Lynch syndrome

Lynch syndrome

(linch),
type I, familial colorectal cancer, generally occurring at an early age; type II, familial colorectal cancer occurring at an early age in conjunction with female genital cancer or cancers at other sites proximal to the bowel.

Lynch syn·drome

(linch sin'drōm)
Type I, familial colorectal cancer, generally occurring at an early age; type II, familial colorectal cancer occurring at an early age in conjunction with female genital cancer or cancers at other sites proximal to the bowel.

Lynch syndrome

(lĭnch)
An autosomal dominant predisposition to colon cancer and other solid tumors. People with Lynch I syndrome are susceptible to colon cancer alone, whereas those with Lynch II syndrome have an additional tendency to get cancers of the colon, ovaries, breasts, and/or uterus. It is also known as hereditary nonpolyposis colorectal cancer.

Lynch syndrome

Hereditary non-polyposis colorectal cancer, a strong familial tendency to this class of cancers resulting from germ-line mutations in the DNA mismatch-repair genes MLH1, MSH2, MSH6 and PMS2. Three to four percent of all colorectal cancers involve the Lynch syndrome. Affected people are liable to develop cancers at an earlier age than average—around age 45—and most show evidence of MICROSATELLITE INSTABILITY.
References in periodicals archive ?
The ROCA Test is intended for post-menopausal women aged between 50 and 85, with no known ovarian cancer risk factors, or for women between 35 and 85, who are considered to be at high risk of ovarian cancer due to a family history of ovarian or breast cancer, or a mutation in specific genes such as the BRCA1 or BRCA2 or Lynch Syndrome genes.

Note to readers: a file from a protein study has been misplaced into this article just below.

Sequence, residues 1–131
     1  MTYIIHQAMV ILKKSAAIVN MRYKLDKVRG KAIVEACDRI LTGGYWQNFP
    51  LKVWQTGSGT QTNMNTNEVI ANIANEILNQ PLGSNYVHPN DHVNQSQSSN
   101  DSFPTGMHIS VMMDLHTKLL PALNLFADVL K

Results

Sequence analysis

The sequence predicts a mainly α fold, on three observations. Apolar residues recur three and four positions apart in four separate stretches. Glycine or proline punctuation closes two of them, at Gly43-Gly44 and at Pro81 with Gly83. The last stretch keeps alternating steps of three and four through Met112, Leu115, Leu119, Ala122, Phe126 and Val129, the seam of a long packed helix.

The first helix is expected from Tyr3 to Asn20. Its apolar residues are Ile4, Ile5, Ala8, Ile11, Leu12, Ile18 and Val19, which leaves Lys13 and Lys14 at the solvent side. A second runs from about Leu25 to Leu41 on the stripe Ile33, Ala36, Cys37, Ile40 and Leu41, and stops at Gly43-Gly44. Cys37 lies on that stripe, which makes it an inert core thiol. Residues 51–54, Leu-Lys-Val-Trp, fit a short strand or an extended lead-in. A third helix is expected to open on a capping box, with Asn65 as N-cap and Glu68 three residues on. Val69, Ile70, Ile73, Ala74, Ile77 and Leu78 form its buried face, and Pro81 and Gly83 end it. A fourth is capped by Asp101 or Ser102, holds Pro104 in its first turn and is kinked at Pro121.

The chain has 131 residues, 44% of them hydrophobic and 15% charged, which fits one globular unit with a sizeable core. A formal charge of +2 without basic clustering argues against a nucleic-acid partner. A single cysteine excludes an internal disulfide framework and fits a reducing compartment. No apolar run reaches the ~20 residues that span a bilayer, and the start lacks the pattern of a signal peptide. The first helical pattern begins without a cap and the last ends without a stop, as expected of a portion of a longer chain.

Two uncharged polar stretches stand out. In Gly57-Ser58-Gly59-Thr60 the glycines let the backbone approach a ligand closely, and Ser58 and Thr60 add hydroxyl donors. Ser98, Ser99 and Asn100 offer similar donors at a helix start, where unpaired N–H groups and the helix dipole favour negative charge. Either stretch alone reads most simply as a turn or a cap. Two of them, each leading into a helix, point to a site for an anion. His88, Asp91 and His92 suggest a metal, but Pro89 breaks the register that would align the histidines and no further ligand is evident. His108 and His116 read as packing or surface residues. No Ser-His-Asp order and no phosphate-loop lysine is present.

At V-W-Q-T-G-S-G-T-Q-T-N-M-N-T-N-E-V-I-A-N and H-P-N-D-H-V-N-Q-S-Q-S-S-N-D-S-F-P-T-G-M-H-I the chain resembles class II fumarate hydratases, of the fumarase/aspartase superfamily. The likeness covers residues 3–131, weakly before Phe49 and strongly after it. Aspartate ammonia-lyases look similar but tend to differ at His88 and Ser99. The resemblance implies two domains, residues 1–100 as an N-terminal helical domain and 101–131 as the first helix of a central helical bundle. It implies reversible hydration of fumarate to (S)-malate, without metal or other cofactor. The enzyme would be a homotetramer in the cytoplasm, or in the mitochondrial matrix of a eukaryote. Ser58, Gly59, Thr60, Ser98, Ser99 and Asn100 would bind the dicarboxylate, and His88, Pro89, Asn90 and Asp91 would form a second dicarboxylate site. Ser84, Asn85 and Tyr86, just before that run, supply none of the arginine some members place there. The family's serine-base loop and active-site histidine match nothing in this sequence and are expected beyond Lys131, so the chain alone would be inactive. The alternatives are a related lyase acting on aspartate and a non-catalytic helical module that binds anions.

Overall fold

Both father and son had Lynch syndrome - a genetic condition that raises the risk of bowel cancer.
Both father and son had Lynch syndrome - a genetic condition that significantly increases the chances of bowel and colon cancer.
She announced in May she was stepping down from her cabinet post with immediate effect because of a battle with Lynch Syndrome, which increases the chance of developing cancer.
After being diagnosed with Lynch syndrome in June 2011, Janet was told she would have to have an elective hysterectomy.
The research by Newcastle University and the University of Leeds found that being overweight more than doubled the risk of bowel cancer in people with Lynch Syndrome.
The research by Newcastle University and the University of Leeds found that being over weight more than doubled the risk of bowel cancer in people with Lynch Syndrome.
Individuals with Lynch syndrome have increased risk of colon (52%-82%), endometrial (25%-60%), and ovarian (4%-24%) cancers.
A molecular technique for identifying Lynch Syndrome, a type of colon cancer, is important due to the possibility of nuclear microsatellite instability associated with an increased chance of other carcinomas.
Bowel Cancer UK says only half of hospitals in England and Wales test bowel cancer patients under 50 for Lynch syndrome.
Until about six years ago, Matthew was having colonoscopies every couple of years and fully expecting to get bowel cancer too, due to a rare hereditary condition called Lynch Syndrome.
coli) (MLH1), (4) DNA mismatch repair protein Msh2 (MSH2), mutS homolog 6 (MSH6), mismatch repair endonuclease PMS2 (PMS2), and epithelial cell adhesion molecule (EPCAM), such as occurs in patients with Lynch syndrome, for whom more than 90% of colon cancers test MSI positive (1, 2).